• Clarity: understanding the relationship between performance and outcomes.
  • Trust: knowing that the policy is applied fairly to all individuals.

Instrumentality is high when the outcomes are clear and defined, and personalized to each individual.

Valence (V(R))

expectancy theory valence

Valence is the unique value you place on the outcome you expect. It's the sense that, "I find this outcome important because I'm me". Valence is affected by:

  • Preference: which reward satisfies your intrinsic motivations, e.g. someone who is motivated by earning money won't value peer recognition or an extra day off.
  • Background: the societal values and behaviors that are highly regarded by this individual, which may be very different in different cultures.

Valence is the expected value someone places on the outcomes, and not the actual satisfaction they feel after achieving the goal. Valence is positive when the employee prefers achieving the outcome to not achieving it.

How can Expectancy Theory be used to motivate employees?

Good leaders know that there isn't a one-size-fits-all path to employee motivation. The same employees doing the same role will have different approaches to how they work, different backgrounds and beliefs, and value different rewards that are meaningful to them. Understanding expectancy theory can help to create motivational programs that are more effective and practical for the individual, and build a positive correlation between efforts, results and rewards for all employees.

expectancy theory motivational plan

Rewards in the workplace can include a pay increase, bonus, or more time off. But it's also important to see that individuals can value things like recognition, advancement, a sense of accomplishment, and more flexible working hours just as highly.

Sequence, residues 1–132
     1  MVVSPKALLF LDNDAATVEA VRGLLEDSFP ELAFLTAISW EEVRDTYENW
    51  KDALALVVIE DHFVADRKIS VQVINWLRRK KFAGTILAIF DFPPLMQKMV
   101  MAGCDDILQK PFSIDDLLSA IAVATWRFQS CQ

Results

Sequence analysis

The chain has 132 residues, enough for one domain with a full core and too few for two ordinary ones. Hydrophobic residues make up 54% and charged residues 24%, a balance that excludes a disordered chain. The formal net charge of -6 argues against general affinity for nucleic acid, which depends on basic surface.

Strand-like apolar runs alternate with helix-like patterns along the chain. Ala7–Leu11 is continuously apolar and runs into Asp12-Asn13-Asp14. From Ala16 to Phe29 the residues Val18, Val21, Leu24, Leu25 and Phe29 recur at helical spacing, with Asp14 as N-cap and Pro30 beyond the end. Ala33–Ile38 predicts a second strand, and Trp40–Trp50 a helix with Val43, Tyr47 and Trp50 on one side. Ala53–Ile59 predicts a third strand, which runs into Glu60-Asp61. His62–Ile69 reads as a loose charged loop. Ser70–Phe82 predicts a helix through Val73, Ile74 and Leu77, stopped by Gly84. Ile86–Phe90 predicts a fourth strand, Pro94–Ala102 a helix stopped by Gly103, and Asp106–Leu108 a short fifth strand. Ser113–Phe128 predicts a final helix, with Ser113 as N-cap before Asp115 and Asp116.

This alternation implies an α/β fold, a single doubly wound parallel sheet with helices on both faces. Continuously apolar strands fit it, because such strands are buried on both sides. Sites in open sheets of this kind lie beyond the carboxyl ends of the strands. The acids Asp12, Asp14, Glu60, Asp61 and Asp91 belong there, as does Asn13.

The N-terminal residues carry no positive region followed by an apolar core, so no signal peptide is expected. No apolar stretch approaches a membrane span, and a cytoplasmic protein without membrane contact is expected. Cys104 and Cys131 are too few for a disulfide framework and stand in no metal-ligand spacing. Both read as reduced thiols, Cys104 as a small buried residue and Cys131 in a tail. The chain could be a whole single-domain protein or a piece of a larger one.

Leaders need to identify employees' motivators and customize rewards based on these. Remember - the efficacy of motivation depends on the perception of the value of the reward, not just the reward itself. Talent & HR should also recognize the points at which those motivators and values may change for an individual throughout their career, and provide coaching to people leaders to recognize individual employee profiles and motivators.

How do I identify my team's unique motivators?

Short answer - talk to your team! Getting to the bottom of their motivational force can begin as early as the interview stage. Talk to your interviewee about what drives their best work, and ask them to describe situations where they felt really valued for what they achieved.

The onboarding cycle is where new hires are getting to know their team, their manager and the company values. Managers should make sure to schedule regular check-ins to identify what aspects of the job the new hire is finding most satisfying, find out more about their background and values, and build a picture of what type of performance rewards they will respond to.

And don't forget about employees in established roles. Make sure they have development plans and career paths in place that give them a clear sense of their future in the company, and provide coaching for them to understand their own motivators.

One exercise that's really useful at any stage of the employee lifecycle is Motivation Mapping. Developed by James Sale as a tool for management coaching, motivation mapping identifies nine styles of employees that help to understand an individual's values and motivators.

Sale’s 9 Employee Profiles

expectancy theory relationship motivators

Relationship Motivators

The Defender

  • Their style: The Defender likes a stable workplace with role clarity, defined responsibilities and a linear career path.